Q&A / 

How to Install Radiant Electric Floor Heating

Quick Column Summary:

  • How good is radiant heating
  • Calculate heat loss to determine heat needed for your room
  • Use separate electric circuit for mat
  • Do all of the testing steps

DEAR TIM: I'm remodeling a small room that has no heat. Radiant heating is really appealing to me because it's so comfortable. I've seen mats that go under ceramic tile or laminate flooring. Are these electric radiant heating mats reliable? Are they hard to install? Can you control them with a programmable thermostat to save money when you're not in the room? What other tips do you have to offer? Rachel M., Sandy, UT

DEAR RACHEL: I had the pleasure in the past few days of powering up an electric radiant heating floor system in a man cave I created for myself. It produced heat immediately and is going to keep me as snug as a bug in a rug while I operate my ham radio in the cave.

As with any product, you need to do your due diligence to ensure you'll have success. I spent some time online looking at the different products. Once I narrowed my choice down to two products, I then made sure the mat could keep the room warm.

Realize not all mats create the same amount of heat per square foot of mat. What's more, you need to do a heat loss calculation to determine the amount of BTUs you'll need to heat your room. Each of the websites I visited had a handy calculator to help you with this task.

This strange mat contains electric heating cables that can keep a room toasty warm. Photo Credit: Tim Carter

This strange mat contains electric heating cables that can keep a room toasty warm. Photo Credit: Tim Carter

You'll discover very quickly it's important the entire room is insulated for the radiant floor mat to work well. I was very fortunate to be able to insulate the floor under the mat as well as the walls and ceiling. Doing these things kept my heat loss to a minimum. It doesn't take much electricity to keep my small room warm.

The radiant floor mats are very reliable. They can last for years if you take very simple steps to ensure the mat is not damaged during installation. The mat I selected came with a dandy little electronic monitor that told me during the entire installation process my mat was in perfect working order.

I would say the degree of installation difficulty is moderate. You'll need an electronic multi-meter to tell you if all is well with the mat even if you do purchase the monitor. It's very important to check the resistance of the heating cables before you start, as you install the mat and after you cover the mat with the required layer of thinset or self-leveling compound. Multi-meters are not too expensive and you'll be able to use it to troubleshoot other electric problems around your home.

You'll need to extend a separate electric circuit to the room to power the mat. The size of this circuit depends on the number of watts of power the mat consumes. Be sure you extend the correct cable that can handle the load. This electric cable is installed in a standard electric box that's nailed to a wall stud. The mat's thermostat will be connected to the power cable in this box. Be sure you strategically locate this electric box so the wires from the mat can reach it. You do not want to splice wire onto the mat cables.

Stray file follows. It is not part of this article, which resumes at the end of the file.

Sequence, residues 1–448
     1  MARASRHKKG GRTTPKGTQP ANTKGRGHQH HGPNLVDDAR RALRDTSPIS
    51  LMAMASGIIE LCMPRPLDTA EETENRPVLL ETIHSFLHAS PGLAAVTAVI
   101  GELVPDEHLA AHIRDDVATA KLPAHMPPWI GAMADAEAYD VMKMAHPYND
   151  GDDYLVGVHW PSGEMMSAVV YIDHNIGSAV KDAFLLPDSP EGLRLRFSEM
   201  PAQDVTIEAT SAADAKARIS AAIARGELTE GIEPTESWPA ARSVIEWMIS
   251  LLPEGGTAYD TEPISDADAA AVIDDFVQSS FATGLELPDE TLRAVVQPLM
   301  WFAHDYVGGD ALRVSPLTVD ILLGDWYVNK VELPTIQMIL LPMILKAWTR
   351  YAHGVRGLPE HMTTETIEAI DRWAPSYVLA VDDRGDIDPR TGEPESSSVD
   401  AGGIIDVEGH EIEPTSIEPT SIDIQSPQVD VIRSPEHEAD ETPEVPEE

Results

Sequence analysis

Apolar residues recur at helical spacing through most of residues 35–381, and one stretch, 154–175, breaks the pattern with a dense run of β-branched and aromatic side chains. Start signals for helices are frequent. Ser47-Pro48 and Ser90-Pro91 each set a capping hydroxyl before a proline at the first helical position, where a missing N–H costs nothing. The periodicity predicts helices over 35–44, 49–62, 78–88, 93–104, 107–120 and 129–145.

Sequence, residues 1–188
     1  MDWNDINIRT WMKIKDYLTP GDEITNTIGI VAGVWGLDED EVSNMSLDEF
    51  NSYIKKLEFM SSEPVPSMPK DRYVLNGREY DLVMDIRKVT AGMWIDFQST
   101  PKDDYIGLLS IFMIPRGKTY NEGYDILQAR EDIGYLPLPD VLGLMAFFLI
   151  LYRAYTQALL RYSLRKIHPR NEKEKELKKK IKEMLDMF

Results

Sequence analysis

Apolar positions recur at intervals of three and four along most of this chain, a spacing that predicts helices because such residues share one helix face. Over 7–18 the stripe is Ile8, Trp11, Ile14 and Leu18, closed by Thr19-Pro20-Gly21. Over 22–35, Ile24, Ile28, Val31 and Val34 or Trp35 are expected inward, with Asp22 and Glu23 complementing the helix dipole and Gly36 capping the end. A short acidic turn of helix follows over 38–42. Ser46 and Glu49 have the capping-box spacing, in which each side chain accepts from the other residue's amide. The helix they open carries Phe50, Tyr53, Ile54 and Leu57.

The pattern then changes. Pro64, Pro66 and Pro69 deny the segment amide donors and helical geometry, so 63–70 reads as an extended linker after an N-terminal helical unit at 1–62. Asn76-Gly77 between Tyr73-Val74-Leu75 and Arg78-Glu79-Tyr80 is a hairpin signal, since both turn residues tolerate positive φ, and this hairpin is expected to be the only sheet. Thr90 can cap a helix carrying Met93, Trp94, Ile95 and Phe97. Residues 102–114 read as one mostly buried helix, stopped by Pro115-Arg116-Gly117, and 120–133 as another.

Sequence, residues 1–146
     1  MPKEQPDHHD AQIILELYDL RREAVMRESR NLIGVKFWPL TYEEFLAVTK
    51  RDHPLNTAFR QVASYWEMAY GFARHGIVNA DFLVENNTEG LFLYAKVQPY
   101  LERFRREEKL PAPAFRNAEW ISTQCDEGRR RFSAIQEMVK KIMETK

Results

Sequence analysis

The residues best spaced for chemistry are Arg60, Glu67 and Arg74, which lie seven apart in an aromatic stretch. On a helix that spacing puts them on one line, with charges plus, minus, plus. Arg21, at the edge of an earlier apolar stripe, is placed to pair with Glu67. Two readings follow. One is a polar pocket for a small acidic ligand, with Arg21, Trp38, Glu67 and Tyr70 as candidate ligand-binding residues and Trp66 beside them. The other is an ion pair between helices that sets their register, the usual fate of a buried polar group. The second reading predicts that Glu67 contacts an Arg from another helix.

My instructions said to embed my mat in a bed of thinset. Thinset is the same mortar you use to install ceramic tile. It's easy to mix and apply. My instructions said to make sure the notched trowel lines of the thinset were parallel with the cables in the heating mat. After you apply the thinset to the clean subfloor, you roll out the mat onto the thinset and smooth the mat out making sure there are no bubbles or high spots. It's not hard to do.

The next step for me was to cover the mat with a one-quarter-inch-thick layer of thinset. This is the hardest part of the job in my opinion. This final surface that protects the radiant heat mat must be flat so your finished floor is easy to install.

Because my mat sat up 1/8 inch above my wood subfloor, I decided to install strips of 3/8-inch thick by 2-inch wide pieces of plywood on the two long walls of my small room. I cut a straightedge from a straight piece of 1x2 finished lumber that sat on top of these wood strips. I wiggled this wood straightedge back and forth across the wet thinset so the top of the thinset was in the same plane as the top of the plywood strips. It worked perfectly.

My radiant mat came with a wonderful programmable thermostat. I'm able to program in four different time periods for each day of the week. It also has a manual override in case I need the heat on at a time it's normally set low. This thermostat will save money because I'll only heat my room when I'm using it. My thermostat had a special setting for laminate flooring.

Be sure you read all the instructions that come with the mat and thermostat before you start the job. The location of the thermostat is very critical. My thermostat came with a sensor that must be installed just under the finished flooring. You need to be sure you can easily run the small wire to the thermostat and it not get damaged.

Don't skip any of the testing steps. Record the resistance readings and make sure they're within the range called for in the written instructions. If you have any questions, STOP and call the manufacturer. Once your mat is covered with thinset, you'll not be removing it without ruining it. You must make sure you're doing everything correctly as the job progresses.

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